What is Venesection?

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  • Written By: Adam Hill
  • Edited By: Bronwyn Harris
  • Last Modified Date: 17 November 2018
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Venesection is the generic term for a procedure that involves the cutting of a vein in any way, but it most commonly refers to the drawing of blood from a vein. Venous blood is usually taken from the median cubital vein, which is located on the arm, opposite the elbow. Blood donation is also usually done out of this vein, but blood drawn for testing, which is the main purpose of venesection, is normally taken in quantities of about 0.17 to 0.84 fluid ounces (5 to 25 ml). The procedure is also known as phlebotomy and venipuncture.

The vein on the inside of the elbow is the preferred vein for drawing blood for a number of reasons. First, it is close to the skin, so using a needle to access it is quick and causes a minimum of trauma and bruising. This vein is also in a place which lacks an abundance of nerve endings. In other words, while having blood drawn from the arm causes some degree of discomfort to almost everyone, there are many places where it would be much more painful. Many types of medical professionals are trained to know how to draw blood from this site.


In most developed countries such as the USA, the UK, and Australia, the procedure is performed with an evacuated tube system. Typically, the needle is inserted into the patient's vein, and a hub on the needle allows a tube to be connected to it. The tubes, from which most of the air has been evacuated, are made of glass or plastic. Thanks to the design of the hub, multiple tubes can be placed on the hub, one after the other, allowing for several samples of blood to be drawn for testing at one time, if needed. The hub also prevents blood from draining out of the needle when there is not yet a tube attached.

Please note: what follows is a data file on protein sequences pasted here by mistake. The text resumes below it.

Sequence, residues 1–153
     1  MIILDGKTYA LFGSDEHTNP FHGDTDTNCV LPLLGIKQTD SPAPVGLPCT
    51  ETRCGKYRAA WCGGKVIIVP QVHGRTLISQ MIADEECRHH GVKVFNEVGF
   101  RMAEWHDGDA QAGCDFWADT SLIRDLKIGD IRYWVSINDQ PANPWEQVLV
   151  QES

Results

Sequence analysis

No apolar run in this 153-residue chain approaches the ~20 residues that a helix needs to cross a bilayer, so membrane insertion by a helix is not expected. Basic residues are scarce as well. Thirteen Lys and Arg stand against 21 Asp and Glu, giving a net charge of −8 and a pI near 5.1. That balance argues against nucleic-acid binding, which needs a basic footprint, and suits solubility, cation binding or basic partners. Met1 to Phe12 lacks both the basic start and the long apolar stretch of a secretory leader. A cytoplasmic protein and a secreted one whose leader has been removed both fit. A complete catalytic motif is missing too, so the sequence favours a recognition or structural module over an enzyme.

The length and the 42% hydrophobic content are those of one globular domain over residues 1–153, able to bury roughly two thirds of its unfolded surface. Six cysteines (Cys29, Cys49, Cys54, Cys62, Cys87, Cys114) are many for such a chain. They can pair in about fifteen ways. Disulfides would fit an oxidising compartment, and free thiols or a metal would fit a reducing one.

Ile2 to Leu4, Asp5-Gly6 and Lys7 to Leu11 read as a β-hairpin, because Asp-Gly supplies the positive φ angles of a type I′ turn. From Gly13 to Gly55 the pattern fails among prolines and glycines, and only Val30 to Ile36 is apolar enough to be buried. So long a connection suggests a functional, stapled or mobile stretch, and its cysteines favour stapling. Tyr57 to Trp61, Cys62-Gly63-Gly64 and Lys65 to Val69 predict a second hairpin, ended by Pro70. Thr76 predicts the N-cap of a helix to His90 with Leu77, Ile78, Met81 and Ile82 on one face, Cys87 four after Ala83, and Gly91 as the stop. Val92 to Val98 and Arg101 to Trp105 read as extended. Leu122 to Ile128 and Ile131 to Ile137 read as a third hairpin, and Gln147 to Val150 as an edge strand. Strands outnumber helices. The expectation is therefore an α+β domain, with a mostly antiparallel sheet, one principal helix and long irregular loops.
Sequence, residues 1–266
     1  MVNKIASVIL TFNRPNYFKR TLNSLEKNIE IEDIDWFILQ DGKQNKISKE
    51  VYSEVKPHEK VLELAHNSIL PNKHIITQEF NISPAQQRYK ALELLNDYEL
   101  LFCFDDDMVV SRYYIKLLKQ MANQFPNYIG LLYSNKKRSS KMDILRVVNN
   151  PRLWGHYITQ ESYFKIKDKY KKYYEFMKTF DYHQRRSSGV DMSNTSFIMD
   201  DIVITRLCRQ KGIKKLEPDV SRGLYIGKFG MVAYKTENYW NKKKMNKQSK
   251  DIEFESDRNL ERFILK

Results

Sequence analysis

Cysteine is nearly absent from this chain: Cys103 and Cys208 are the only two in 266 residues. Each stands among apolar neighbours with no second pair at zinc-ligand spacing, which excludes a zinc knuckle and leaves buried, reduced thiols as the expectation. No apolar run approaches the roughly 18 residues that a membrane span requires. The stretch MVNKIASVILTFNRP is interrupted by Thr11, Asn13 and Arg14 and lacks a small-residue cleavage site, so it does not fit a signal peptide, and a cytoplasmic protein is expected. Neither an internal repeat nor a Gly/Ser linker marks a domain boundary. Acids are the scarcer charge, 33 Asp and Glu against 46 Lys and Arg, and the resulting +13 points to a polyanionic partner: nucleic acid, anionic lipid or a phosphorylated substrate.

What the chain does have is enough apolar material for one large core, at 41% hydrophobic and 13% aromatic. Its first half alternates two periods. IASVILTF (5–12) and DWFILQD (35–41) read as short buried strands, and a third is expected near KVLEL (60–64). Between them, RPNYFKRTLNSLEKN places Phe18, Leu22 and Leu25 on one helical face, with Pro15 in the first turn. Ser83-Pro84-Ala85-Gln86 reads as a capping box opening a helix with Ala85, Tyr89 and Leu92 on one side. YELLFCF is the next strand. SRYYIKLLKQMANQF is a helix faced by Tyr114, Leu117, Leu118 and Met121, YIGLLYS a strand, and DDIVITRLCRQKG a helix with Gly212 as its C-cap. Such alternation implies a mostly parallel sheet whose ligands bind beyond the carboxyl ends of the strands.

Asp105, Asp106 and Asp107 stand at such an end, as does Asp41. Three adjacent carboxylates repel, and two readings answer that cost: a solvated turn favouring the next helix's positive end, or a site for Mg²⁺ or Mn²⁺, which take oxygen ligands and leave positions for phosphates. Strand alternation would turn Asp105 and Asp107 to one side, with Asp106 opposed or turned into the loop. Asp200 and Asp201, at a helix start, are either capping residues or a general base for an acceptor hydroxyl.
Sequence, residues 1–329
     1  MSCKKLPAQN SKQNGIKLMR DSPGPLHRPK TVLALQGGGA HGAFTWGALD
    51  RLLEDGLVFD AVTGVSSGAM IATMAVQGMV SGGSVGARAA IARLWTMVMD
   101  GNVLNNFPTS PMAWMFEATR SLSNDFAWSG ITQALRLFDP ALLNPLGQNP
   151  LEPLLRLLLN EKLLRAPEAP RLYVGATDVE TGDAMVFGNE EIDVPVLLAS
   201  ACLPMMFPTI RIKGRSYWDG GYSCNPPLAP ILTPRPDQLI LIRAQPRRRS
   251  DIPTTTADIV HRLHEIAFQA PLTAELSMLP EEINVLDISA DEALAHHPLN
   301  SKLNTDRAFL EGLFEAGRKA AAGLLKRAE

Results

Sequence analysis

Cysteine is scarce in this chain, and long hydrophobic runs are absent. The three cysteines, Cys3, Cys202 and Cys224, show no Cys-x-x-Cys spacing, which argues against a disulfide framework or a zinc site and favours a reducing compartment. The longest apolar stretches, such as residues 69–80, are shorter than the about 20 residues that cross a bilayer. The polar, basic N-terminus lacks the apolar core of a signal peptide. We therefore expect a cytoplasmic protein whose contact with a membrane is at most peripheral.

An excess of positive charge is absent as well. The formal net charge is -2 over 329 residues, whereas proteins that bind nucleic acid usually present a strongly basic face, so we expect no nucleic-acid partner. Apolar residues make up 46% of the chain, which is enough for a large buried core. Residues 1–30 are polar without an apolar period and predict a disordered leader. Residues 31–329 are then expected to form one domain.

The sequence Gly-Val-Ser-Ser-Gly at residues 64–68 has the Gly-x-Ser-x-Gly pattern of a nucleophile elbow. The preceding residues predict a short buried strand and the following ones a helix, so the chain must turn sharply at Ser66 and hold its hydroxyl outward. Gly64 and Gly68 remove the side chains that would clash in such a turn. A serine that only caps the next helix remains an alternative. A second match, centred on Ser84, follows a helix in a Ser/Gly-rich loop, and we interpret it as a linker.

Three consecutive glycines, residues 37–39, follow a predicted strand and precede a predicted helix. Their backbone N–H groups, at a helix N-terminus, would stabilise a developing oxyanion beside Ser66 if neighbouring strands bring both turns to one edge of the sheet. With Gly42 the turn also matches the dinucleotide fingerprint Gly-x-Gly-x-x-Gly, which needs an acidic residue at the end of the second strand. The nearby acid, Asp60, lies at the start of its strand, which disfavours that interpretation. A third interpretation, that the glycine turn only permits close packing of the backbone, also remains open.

Certain diseases can call for treatments that involve this procedire, including hemochromatosis and polycythemia. The former is characterized by an overabundance of iron in the blood, and is easily treated by venesection, which in this case amounts to bloodletting, to reduce the blood's iron content. Venesection at weekly intervals is usually the recommended treatment. Polycythemia is a somewhat similar condition in which there are too many red blood cells produced in the body. This accumulation can be due to a pathology of the bone marrow, low oxygen levels, or even simple dehydration. The drawing off of red blood cells through venesection is an effective treatment for this problem.


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Post 3

@BlogLove – Another site that blood can be drawn from is the back of the hand. If an IV needs to be placed, depending on the size of the line it can be placed in the neck or upper chest, or in the leg. Central IV lines are used when multiple drugs need to be administered – these can be placed in the neck and upper chest. The veins in the leg can also be used sometimes. The vein in the leg that are typically used for placement of a central line is the femoral vein, which is located near at the top of the leg near the groin area.

Post 2

What if the phlebotomist is having a hard time drawing blood out of the veins in the forearm? What would be the other main sites that they could use?

Post 1

I disagree with the statement "the hub prevents blood from draining out of the needle" I work as a phlebotomist 5 days a week. Hubs are clear plastic adapters which screw onto the needle, their only use is to help direct the vacuum tube to the needle. A needle has two ends. The one end is for insertion into the vein and the other end has a "rubber" sleeve covering the end. That sleeve is pushed up and out of the way when inserted into a vacuum tube. When the vacuum tube is filled and removed, the "rubber" sleeve comes back down covering the needle.

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